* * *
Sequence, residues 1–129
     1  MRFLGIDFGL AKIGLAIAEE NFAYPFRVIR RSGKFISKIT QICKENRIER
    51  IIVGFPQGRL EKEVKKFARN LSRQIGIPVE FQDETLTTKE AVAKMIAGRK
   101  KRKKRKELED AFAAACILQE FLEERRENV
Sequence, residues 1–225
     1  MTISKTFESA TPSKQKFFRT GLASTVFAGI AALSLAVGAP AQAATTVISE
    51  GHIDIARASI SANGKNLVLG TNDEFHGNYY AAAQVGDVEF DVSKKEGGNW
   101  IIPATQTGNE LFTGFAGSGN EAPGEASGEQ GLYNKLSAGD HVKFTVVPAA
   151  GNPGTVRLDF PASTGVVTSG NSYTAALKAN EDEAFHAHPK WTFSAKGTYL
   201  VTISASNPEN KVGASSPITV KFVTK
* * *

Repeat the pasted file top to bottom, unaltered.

Sequence, residues 1–129
     1  MRFLGIDFGL AKIGLAIAEE NFAYPFRVIR RSGKFISKIT QICKENRIER
    51  IIVGFPQGRL EKEVKKFARN LSRQIGIPVE FQDETLTTKE AVAKMIAGRK
   101  KRKKRKELED AFAAACILQE FLEERRENV
Sequence, residues 1–225
     1  MTISKTFESA TPSKQKFFRT GLASTVFAGI AALSLAVGAP AQAATTVISE
    51  GHIDIARASI SANGKNLVLG TNDEFHGNYY AAAQVGDVEF DVSKKEGGNW
   101  IIPATQTGNE LFTGFAGSGN EAPGEASGEQ GLYNKLSAGD HVKFTVVPAA
   151  GNPGTVRLDF PASTGVVTSG NSYTAALKAN EDEAFHAHPK WTFSAKGTYL
   201  VTISASNPEN KVGASSPITV KFVTK